Being a mother is something I have spent a lot of time thinking about for someone who isn’t one, by most definitions.
It’s something I might have expected to think about more on the exam table while I got an abortion 11 years ago, but I thought about the topic surprisingly little then. I think my bigger concern was whether the person I was dating could be forgiven for this thing that we had both caused to happen. I was worried about the pain and later how dizzy and nauseous I was. I was thinking about the kind, young counselor who had asked me how I was feeling, the first person to do so since I saw the little lines appear on the at-home pregnancy test. I remember asking the doctor if being pregnant, even for eight weeks, would make my boobs saggy. He laughed and said no, he didn’t think so.
Mothering is something I think about almost daily now that I have no plans to have a child and can reasonably assume it won’t just happen somehow. I think about it when I wash the dishes before I go to bed, knowing that I’ll appreciate my own gesture the next morning. Or when a friend calls me and I put aside whatever’s been pressing on me to listen to them instead. Sheila Heti brilliantly observed that a childless woman will always come across people wanting to make her into a mother—that to be a mother to no one is going completely against the grain of everything that’s expected.
I don’t think it’s necessarily a bad thing—to be made a mother or to decide to be one even if you only have yourself to parent. That’s what this part of my life—the age at which so many of my friends are deciding to have children—has been about: being a mother to myself. And every day that I spend doing just that, I can’t believe there is so much to it. God, is there a lot to it. Some days opening the fridge door just to stare at wilting lettuce feels Herculean, but we’re meant to be doing more than that; we’re supposed to be thriving and jogging and laughing with our friends at happy hour.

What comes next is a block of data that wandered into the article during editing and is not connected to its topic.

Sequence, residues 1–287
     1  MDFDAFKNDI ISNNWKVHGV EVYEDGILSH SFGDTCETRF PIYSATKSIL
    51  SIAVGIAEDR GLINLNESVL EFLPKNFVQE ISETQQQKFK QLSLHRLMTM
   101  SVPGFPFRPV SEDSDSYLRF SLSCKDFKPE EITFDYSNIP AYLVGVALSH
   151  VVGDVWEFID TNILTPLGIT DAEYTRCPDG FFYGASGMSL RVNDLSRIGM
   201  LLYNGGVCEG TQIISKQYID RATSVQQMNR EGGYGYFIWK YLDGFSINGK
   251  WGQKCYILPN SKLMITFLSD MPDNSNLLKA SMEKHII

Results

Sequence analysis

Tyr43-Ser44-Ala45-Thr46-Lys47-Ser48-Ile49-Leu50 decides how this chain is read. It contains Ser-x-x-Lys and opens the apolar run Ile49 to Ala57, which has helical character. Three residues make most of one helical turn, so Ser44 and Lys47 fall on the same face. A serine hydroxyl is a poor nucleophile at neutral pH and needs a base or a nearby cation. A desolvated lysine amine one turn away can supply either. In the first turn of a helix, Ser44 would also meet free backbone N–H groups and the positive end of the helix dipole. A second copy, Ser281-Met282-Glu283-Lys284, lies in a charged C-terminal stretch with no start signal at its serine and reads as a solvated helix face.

In Motherhood, Heti talks about the idea of mothering the people who are already here. It’s not like we stop needing mothers or nurturing or support or a kind shoulder at some point. Are we all done being raised at a certain age? Maybe that’s what we’re told so we can grit our teeth and get to work. But I have never gone a day where I didn’t need softness in some form. We talk about having children like it’s a gateway to unconditional love. We want so badly to be in that special VIP club where unconditional love is on the menu. Having a child, giving birth…those things are monumentally difficult, but aren’t they worth getting into the club for life?
But I’ve learned so much more about unconditional love from the people who have no obligation to stay in my life and choose to do so anyway. They could just stop replying to my texts one day; I won’t see them at Christmas or a family reunion. And yet they keep showing up for my clumsy stumbling through life with a solidity that feels greater than blood. Whatever I may have in my heart for mothering a child seems well placed in being a mother to my community—adults who are still really children, including myself, and haven’t outgrown the need for acceptance and warmth.
If I hadn’t had an abortion, I might have been a good mother. But only because I was trying to redo the way things had been for me. Either I would have failed at that, or I would have succeeded and been angry—why did this child get it so much better than I ever did? Why didn’t anyone love me this much? Being a mother to a child would have meant putting myself aside, burying a self that would have just begun to burgeon through the cement of a childhood that had never allowed me to be a child the first time around.
As women, we only get so much time on this planet to experience everything we want to. To do it alone, to not bring anything into the world to love toward, allows us to mother as a practice.
There have been enough considerations on why mothers are the ones in the hot seat, why we expect more from them, all from them, and so much less from men. All I know is that it was my mother who let me down, even as my father did all the things you’re not supposed to do, didn’t offer what was needed. Somehow it was her failure to vet him that hurt most. She had let this happen; it was unjustly on her shoulders. Unfair as it is, I’m not sure how to feel any other way.
I never expected a man to save me, but I always hoped a woman would. Even if that woman is me.